Gen Alexander Scammell
A declassified report by Swiss International Olympic Committee official Marc Hodler reveals that bribes had been used to bring the 2002 Winter Olympics to Salt Lake City during bidding process in 1995. The IOC, the Salt Lake Organizing Committee, the United States Olympic Committee and the United States Department of Justice immediately launch an investigation into the scandal.
Hyperinflation in Germany reaches its height. One United States dollar is worth 4,200,000,000,000 Papiermark). Gustav Stresemann abolishes the old currency and replaces it with the Rentenmark, at an exchange rate of one Rentenmark to 1,000,000,000,000 Papiermark.
News items above are from Wikipedia. For Hopedale news from 25, 50 and 100 years ago, see below this textbox.
General Alexander Scammell
Milford Daily News
August 3, 1955
One of Milford’s gallant soldiers, a hero of the Revolutionary War, is mentioned in the historical novel, “Blind Journey,” by Bruce Lancaster. The reference is on page 283, “They call him Bloody Tarleton.”
“A few days ago, some of his men captured Alec Scammell.”
“Not the Scammell from Milford?” cried Caleb. “He’s one of the best combat officers we’ve got.”
“Was,” said Ward shortly. “Tarleton’s men shot him in the back after he’d surrendered.”
Rachel C. Day of 17 Daniels Street, Hopedale, Emerson College librarian, and local historian, traced the background of Scammell, bringing the reference in the novel to the attention of the Daily News.
Records state that Alexander Scammell belonged to the family owning a farm on Freedom Street comprising land on which Hopedale’s “Larches” now stands. Graduated from Harvard in the class of 1769, he taught in district schools while completing his education, including a school situated where now the Roman Catholic Church in Hopedale stands.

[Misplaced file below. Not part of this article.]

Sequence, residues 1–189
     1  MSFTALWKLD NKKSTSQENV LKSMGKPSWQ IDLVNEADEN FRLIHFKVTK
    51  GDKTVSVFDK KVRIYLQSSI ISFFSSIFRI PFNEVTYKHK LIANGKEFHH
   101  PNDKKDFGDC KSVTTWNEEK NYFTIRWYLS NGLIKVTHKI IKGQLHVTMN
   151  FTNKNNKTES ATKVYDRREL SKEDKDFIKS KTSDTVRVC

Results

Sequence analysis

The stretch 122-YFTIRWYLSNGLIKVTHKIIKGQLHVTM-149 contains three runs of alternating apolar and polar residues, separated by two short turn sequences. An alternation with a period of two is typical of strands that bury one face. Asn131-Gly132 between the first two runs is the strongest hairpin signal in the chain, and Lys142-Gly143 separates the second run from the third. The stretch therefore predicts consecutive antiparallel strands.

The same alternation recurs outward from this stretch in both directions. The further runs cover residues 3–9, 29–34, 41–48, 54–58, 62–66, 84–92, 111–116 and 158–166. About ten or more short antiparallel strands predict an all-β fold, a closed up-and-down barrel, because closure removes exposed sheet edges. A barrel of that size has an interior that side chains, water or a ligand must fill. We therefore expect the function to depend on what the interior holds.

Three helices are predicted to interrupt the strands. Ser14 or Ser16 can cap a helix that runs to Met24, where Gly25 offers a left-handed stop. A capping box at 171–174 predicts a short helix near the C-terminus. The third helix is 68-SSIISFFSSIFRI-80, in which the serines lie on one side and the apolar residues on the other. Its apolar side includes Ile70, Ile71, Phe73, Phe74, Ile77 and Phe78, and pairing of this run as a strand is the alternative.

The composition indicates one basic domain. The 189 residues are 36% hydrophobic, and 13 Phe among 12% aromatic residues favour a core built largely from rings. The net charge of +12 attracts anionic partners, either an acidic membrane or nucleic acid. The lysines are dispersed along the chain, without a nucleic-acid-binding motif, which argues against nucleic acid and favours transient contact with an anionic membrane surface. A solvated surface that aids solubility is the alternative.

The “Annals of Mendon” give this account of Alexander Scammell’s war service. “…was appointed Brigade Major in New Hampshire in 1775, and Colonel of a New Hampshire regiment in 1776. He was wounded at the Battle of Saratoga, in 1777, and became Adjutant-General of the Continental Army in 1780.
A memorial shaft in Milford’s Pine Grove Cemetery marks the last resting place of Milford’s gallant soldier. (Error. The memorial shaft is in Depot Street Cemetery as shown in a picture near the top of this page. None could be found in Pine Grove.)
Adin Ballou’s History of Milford lists the Scammell family as “justly distinguished since 1737.” Samuel and Alexander, natives of Portsmouth, England, came to this country in 1737.
Alexander was a doctor, and his wife, Jane, came to America with him. They had four children, Alexander of Revolutionary War fame, Samuel and Ann. Another child died while young.
Son, Alexander entered Harvard before he was 19 years of age, and graduated in the class of 1769. He was tall, well-built and handsome, six-foot, two inches according to historical writings.
He taught district schools in Massachusetts, New Hampshire and Maine, later entering the study of law.
When the Revolutionary War broke out, he entered the Army. His bravery, pushed him from rank to rank until he reached the grade of adjutant-general.
He was numbered among the closest of confidential friends of George Washington.
Scammell was field officer Sept. 30 1781, at the siege of Yorktown, when he was surprised by a party of the enemy’s cavalry while reconnoitering. After capture he was inhumanely wounded by a Hessian mercenary. He died of wounds in Williamsburg, Va., where he was being taken as a prisoner.
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